Shippensburg graduate students show value of local ballet group
A study by two Shippensburg University graduate students shows that the Central Pennsylvania Youth Ballet (CPYB) had an economic impact of nearly $5.7 million on the region.
The study was done by Chris Sheipe and Joey Reese, students in the university’s master’s of science degree program in psychological science. The pair is in the program’s applied track for graduates interested in areas such as industry, government, or non-profits. The study fulfills part of their degree requirements.
According to Dr. Lea Adams, associate professor of psychology and co-director of the applied track with Dr. James Griffith, associate professor of psychology, the study focused on the fundamental question “Was money spent in the community that would not have been spent if (CPYB) didn’t exist?’”
Of the $5.7 million impact, Sheipe and Reese found individuals who attended performances spent nearly $2.6 million, CPYB’s operational expenditures were nearly $1.6 million, and CPYB’s salary and wages were nearly $1.4 million.
Reese said the study looked at three areas of spending. “The biggest one was the clientele spending in the community. The second group was the expenditures in operating costs itself. For example, the money paid to local contractors to build a set. The third area of spending was the salaries and wages of employees at CPYB.”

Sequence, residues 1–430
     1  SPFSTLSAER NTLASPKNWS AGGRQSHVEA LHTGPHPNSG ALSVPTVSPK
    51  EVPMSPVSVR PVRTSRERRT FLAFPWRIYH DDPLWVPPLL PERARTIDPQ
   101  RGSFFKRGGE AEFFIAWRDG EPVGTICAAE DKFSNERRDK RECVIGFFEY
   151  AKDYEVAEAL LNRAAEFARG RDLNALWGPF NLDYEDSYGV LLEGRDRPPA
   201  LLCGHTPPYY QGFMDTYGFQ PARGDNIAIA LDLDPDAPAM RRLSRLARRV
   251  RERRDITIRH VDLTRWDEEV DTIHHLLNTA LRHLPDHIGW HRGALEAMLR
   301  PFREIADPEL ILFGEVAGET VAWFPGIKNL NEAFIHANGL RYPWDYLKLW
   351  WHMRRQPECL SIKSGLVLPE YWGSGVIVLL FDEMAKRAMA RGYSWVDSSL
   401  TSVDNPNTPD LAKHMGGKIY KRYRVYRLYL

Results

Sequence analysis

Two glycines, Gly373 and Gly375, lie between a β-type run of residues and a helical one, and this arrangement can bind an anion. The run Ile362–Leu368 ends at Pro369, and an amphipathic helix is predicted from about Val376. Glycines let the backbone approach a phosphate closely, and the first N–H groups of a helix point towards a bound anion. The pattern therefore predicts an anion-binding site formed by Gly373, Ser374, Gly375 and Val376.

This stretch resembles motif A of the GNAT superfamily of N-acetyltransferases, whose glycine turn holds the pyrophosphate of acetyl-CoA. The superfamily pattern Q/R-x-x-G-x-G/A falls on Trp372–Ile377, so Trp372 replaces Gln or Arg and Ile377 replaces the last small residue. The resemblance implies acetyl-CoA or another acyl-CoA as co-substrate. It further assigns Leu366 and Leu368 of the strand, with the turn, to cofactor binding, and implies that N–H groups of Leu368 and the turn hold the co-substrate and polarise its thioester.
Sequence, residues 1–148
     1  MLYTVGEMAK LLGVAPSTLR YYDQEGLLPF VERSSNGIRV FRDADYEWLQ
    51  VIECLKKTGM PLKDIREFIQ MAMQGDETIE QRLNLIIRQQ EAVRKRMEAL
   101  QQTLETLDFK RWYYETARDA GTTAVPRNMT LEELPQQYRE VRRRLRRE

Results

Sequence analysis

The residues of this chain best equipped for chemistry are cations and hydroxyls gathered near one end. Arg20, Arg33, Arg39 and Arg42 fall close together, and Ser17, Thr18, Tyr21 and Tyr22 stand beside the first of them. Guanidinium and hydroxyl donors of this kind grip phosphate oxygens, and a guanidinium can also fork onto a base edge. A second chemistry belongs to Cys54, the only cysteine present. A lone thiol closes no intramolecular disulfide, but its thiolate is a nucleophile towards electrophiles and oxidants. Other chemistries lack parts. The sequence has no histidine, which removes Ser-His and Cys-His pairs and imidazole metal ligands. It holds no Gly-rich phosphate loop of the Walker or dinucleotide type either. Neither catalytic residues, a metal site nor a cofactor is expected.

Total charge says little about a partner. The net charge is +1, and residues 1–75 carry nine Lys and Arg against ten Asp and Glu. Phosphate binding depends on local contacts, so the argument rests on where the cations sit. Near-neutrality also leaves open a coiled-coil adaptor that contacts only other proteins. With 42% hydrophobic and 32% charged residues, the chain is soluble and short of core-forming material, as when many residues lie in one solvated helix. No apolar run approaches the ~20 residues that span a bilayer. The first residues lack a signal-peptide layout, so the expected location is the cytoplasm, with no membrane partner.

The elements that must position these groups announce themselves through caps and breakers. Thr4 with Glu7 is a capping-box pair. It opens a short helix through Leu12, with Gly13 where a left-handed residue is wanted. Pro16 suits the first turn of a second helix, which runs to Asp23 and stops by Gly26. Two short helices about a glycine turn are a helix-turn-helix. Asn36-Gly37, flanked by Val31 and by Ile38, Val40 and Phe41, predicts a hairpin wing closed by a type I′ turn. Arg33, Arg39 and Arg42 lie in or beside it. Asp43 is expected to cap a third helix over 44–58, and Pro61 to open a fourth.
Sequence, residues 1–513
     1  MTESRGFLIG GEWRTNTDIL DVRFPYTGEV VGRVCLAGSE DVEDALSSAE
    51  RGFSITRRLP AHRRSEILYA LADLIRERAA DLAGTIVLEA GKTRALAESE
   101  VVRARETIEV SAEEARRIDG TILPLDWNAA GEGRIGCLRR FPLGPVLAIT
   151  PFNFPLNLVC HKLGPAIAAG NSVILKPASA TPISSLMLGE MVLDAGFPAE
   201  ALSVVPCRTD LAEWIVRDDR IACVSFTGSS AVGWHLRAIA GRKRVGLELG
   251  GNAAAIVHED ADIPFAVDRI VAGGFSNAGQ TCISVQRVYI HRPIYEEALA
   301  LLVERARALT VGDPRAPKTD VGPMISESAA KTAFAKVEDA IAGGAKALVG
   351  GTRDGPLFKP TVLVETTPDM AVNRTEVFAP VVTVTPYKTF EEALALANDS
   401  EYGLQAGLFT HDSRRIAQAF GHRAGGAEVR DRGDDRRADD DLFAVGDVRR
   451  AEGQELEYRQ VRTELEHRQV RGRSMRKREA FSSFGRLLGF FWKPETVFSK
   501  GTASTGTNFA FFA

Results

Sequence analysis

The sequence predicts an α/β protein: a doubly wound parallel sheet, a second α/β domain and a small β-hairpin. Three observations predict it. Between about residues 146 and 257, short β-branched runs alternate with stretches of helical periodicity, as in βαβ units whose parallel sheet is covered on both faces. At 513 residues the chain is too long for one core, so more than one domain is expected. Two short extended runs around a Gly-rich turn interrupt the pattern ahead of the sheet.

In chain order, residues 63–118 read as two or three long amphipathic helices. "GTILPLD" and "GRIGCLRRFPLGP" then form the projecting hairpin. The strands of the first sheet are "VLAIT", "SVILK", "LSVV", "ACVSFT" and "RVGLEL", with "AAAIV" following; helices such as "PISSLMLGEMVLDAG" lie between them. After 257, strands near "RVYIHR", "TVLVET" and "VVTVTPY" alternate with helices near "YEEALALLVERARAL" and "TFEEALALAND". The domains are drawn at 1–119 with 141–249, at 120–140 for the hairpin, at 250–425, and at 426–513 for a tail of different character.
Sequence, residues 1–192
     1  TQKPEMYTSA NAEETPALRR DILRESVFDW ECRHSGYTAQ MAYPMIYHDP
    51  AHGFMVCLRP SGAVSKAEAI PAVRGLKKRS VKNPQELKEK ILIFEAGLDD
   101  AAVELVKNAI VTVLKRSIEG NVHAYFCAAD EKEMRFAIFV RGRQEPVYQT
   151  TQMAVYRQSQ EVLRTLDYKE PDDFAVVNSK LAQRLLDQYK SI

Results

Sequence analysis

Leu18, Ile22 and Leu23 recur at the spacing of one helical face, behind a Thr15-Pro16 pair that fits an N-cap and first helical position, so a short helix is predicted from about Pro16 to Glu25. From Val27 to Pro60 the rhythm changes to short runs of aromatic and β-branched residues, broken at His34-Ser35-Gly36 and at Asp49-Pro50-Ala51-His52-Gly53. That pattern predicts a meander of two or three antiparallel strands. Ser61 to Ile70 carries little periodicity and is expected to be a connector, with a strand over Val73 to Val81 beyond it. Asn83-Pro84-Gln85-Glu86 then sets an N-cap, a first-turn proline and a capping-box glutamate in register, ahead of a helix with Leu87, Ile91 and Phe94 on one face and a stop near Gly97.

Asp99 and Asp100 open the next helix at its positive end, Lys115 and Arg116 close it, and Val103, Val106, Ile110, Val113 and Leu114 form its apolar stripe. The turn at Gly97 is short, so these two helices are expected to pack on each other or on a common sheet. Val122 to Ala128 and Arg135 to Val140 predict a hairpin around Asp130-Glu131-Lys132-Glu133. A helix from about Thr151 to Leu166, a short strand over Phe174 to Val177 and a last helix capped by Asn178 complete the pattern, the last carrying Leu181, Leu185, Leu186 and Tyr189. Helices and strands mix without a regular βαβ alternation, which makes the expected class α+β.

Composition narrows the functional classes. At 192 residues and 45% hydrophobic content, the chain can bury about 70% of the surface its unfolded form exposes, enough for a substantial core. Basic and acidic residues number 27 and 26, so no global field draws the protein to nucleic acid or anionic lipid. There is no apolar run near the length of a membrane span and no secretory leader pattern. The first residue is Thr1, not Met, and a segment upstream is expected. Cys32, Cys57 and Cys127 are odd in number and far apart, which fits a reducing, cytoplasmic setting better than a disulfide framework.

In the study, individuals who attended performances were asked various questions such as how far they traveled, did they eat dinner in the area, did they stay overnight and what else did they do while they were in the area.
According to Reese, “In a time when arts are being pushed away, this really means something. I like the methodology that we use in psychology. It’s very scientific and I think when you apply it to the real world, you get real results that actually mean something. For Central Pennsylvania Youth Ballet (the results) are valuable.”
Adams said the program regularly works with area organizations. “We try to partner with organizations in our community to do applied psychological research and CPYB has been a magnificent community partner.”